Monday, February 18, 2013

And She Smelled Like Jasmine

The Grunge Oil Of Love!

Jasmine - also known as Jasminum officinale, Jasminum odoratissimum (Latin), Jessamine, Jati (Ayurvedic), Maalatie, Mallika, Muktaa, Muktamani, Mauktika (Sanskrit), Chameli, Juhie, Motiyaa (Hindi), Jaaie, Juie, Saayalie, Chamelie, Mogaraa (Marathi), Malligai (Tamil), Malle (Telugu).

Jasmine is a genus of shrubs and vines native to warm and tropical regions of Asia, Africa and Europe. Jasmine is cultivated all over the world as a garden or house plant, and for its flowers - which are worn by women in Asia and used in the creation of jasmine tea and jasmine essential oil.[1]
The scent of Jasmine has long been considered to be one of the most significant aphrodisiac scents and it is widely used in perfumes and incense manufacture. [1]
It's even said that owners of elephants put jasmine oil (or jasmine flowers) on them in order to arouse them when they wish to assist them in reproducing. Whether Jasmine has some actual aphrodisiac effect on the animals, or whether this is anthropomorphosis, is something that is unlikely to have been researched scientifically. However, what is known is that women both use Jasmine oil as an alluring scent and wear Jasmine flowers for their beauty and fragrance. [2]

Jasmine essential oil

Pure Jasmine essential oil is very expensive - and the buyer should be aware that some fragrances sold as "Jasmine" may contain or be entirely made from synthetic imitations, other essential oils or other fragrances. The first stage in investigation to be to ascertain whether the product is 100% pure Jasmine flower essential oil, or 100% pure Jasmine absolute. If it does not say that it is, it quite probably is not.
The creation of Jasmine essential oil is an interesting process. As with other flowers such as Rose, it takes a huge amount of petals to make a small amount of oil. Also, the flowers are gathered after dark because the scent of the jasmine flower is more powerful at night.
In modern times, most essential oils are either cold pressed or extracted using steam distillation. Steam is passed through plant matter and then condensed and collected. However, with Jasmine, these methods are not used because the delicate fragrance of Jasmine is denatured by the high temperature of steam distillation. Jasmine oil is either extracted using chemical (solvent) extraction or (traditionally) by enfleurage[1] Enfleurage is an ancient, labour-intensive process using animal fat to absorb the fragrance of the flowers. It was once the only method of extracting the fragrance from the flowers. Nowadays, another method used is chemical extraction.[3]


Jasmine flowers
Some varieties of Jasmine can be used to create absolutes - similar to essential oils but more concentrated. These are created using solvent extraction using an organic solvent such as hexane - and in some ways, due to the lower temperatures required, this method preserves the delicate fragrance more closely. However, solvent extraction has come under criticism because it leaves trace amounts of solvent in the absolute. The "notes" (fragrant markers) of these are detectable by experts. Absolutes are considered inappropriate for aromatherapy as there are possible health concerns: If they were included in massage oil, they would be absorbed by the skin. However, for perfume use absolutes are considered acceptable; the overall effect on the fragrance is less undesirable than that caused by high temperature processing. [4]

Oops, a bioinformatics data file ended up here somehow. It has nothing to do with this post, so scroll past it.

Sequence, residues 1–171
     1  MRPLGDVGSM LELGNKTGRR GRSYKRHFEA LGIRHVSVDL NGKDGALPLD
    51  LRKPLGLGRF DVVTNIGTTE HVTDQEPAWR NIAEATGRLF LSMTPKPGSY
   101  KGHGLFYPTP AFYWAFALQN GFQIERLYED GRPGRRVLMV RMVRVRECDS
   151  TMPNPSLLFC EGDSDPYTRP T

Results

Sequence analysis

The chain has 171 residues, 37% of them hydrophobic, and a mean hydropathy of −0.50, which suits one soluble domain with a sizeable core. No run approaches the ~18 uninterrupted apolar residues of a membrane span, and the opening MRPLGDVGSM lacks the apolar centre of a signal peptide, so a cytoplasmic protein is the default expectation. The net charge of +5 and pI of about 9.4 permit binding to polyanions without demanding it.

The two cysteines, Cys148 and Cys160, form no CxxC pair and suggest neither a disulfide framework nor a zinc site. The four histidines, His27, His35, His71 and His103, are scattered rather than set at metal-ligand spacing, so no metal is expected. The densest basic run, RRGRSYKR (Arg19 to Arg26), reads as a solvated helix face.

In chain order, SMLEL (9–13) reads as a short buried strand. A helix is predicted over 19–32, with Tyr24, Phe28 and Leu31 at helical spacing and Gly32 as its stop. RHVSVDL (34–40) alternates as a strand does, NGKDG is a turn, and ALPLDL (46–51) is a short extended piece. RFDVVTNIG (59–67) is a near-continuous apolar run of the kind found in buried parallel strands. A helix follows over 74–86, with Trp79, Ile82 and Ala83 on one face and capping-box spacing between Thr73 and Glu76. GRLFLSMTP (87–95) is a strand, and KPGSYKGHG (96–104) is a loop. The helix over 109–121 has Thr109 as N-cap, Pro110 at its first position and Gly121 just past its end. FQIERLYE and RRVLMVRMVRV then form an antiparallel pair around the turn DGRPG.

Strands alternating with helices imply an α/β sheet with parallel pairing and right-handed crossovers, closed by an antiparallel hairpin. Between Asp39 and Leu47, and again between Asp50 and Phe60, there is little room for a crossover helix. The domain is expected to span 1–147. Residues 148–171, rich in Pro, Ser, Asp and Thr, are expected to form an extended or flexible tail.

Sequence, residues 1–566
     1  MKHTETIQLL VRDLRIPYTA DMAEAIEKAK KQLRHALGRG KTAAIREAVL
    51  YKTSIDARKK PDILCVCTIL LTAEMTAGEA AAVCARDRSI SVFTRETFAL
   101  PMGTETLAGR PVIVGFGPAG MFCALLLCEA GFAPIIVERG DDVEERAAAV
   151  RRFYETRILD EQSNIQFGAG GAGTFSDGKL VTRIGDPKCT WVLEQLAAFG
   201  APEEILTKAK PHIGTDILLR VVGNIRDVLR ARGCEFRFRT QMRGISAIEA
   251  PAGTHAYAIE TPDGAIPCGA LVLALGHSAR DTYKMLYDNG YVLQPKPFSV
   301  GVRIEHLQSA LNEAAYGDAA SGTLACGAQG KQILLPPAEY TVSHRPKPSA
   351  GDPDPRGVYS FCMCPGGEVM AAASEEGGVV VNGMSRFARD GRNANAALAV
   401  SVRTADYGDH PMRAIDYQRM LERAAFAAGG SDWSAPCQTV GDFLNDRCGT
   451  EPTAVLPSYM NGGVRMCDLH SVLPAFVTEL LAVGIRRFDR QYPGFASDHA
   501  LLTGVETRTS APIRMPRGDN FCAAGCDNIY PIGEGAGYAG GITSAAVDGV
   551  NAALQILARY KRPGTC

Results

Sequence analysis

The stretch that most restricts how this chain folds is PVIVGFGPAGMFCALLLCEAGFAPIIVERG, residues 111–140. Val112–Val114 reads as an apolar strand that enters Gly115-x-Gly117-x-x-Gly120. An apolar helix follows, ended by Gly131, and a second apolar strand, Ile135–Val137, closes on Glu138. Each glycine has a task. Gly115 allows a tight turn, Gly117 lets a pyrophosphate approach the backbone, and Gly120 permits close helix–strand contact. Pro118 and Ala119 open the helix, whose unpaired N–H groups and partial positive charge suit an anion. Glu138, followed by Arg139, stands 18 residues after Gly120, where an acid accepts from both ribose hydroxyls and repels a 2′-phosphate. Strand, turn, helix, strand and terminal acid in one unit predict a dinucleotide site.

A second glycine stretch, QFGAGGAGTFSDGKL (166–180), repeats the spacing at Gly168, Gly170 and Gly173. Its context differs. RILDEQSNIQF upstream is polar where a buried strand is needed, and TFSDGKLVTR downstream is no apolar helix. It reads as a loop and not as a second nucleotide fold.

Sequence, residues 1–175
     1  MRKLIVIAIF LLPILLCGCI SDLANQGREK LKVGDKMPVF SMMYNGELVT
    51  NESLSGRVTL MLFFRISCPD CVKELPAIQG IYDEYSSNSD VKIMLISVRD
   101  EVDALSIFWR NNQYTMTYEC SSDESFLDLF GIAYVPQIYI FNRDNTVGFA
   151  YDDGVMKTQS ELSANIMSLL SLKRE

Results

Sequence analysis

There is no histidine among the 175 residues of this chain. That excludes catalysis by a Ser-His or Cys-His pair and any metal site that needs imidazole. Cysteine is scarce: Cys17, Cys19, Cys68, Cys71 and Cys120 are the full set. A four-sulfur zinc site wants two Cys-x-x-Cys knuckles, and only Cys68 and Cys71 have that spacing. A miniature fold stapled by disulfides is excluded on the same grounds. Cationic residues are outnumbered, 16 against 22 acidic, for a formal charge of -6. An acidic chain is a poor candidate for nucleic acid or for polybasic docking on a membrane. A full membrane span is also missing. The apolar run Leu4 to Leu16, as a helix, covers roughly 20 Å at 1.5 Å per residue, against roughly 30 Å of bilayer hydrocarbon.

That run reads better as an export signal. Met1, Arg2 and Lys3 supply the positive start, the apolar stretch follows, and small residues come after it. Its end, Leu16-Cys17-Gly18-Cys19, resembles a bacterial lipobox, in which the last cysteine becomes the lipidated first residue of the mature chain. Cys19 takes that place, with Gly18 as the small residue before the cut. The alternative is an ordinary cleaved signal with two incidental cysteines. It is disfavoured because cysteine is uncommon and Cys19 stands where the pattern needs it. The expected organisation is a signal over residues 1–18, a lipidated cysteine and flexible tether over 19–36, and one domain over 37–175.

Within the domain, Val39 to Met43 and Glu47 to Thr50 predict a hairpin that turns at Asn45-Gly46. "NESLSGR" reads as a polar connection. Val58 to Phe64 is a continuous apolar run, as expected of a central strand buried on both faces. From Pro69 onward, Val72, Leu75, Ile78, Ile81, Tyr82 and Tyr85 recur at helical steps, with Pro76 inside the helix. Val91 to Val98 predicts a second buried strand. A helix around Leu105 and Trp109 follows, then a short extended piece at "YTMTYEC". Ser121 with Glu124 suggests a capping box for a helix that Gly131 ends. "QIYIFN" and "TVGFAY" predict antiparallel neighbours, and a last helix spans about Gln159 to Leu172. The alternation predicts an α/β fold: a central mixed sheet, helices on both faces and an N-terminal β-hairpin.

The first stage of extraction yields what is called oleoresin or concrete - which in a mixture of essential oil, waxes and resins. Another solvent such as alcohol (ethyl alcohol) is used to separate the fragrant oils from the non-fragrant waxes. The alcohol is then removed, leaving only the absolute. Around one pound of concrete is able to be created from 1000 pounds of Jasmine flowers. [5]
Another fascinating method of extraction uses supercritical carbon dioxide (carbon dioxide under high pressure) to create the concrete, and then liquid carbon dioxide to separate the essential oils from the waxes. Supercritical carbon dioxide is carbon dioxide that is at a temperature and pressure exceeding 31 degrees C and 73 atmospheres pressure. This substance has both liquid and gas-like properties. By controlling the temperature and pressure, the solvent quality can be "tuned" in order to imitate the solubility characteristics of a wide range of solvents. In other words, a very complete extraction of all fractions can be achieved. [6]
This method is said to be the best - it has the benefit that it does not leave chemical residues, and does not cause thermal degradation of the oils. At the end of the process, the carbon dioxide simply evaporates. [7] This method also has potential environmental benefits in that hazardous or toxic solvents are not required.

Jasmine - History

The name Jasmine is derived from the old Persian Yasmin which means "gift from God" [1] - or, according to another source, the name Yasmin is a reference to aphrodisiac quality. [5] Jasmine has been in use in fragrance and as a decorative flower since ancient times.
Jasminum varieties Indicum, Solanum, Mexicanum, rubrum, luteum, album and variegatum are mentioned in Ludovico Jungerman's 1635 Catalogus plantarum quae in horto medico Altdorphino reperiuntur [8] ("Catalog of plants which are found in the medical garden of Altdorphinus")

Is Jasmine an Aphrodisiac?


In aromatherapy and fragrance, Jasmine is used for mood elevation, exotic scent and for its aphrodisiac effect. It's hard to find scientific research to validate these things - but if something has been used as a component in perfumery for thousands of years, it is because it allures, entices and excites passion. You'll probably never get science to admit it - but generations of women can't be wrong...

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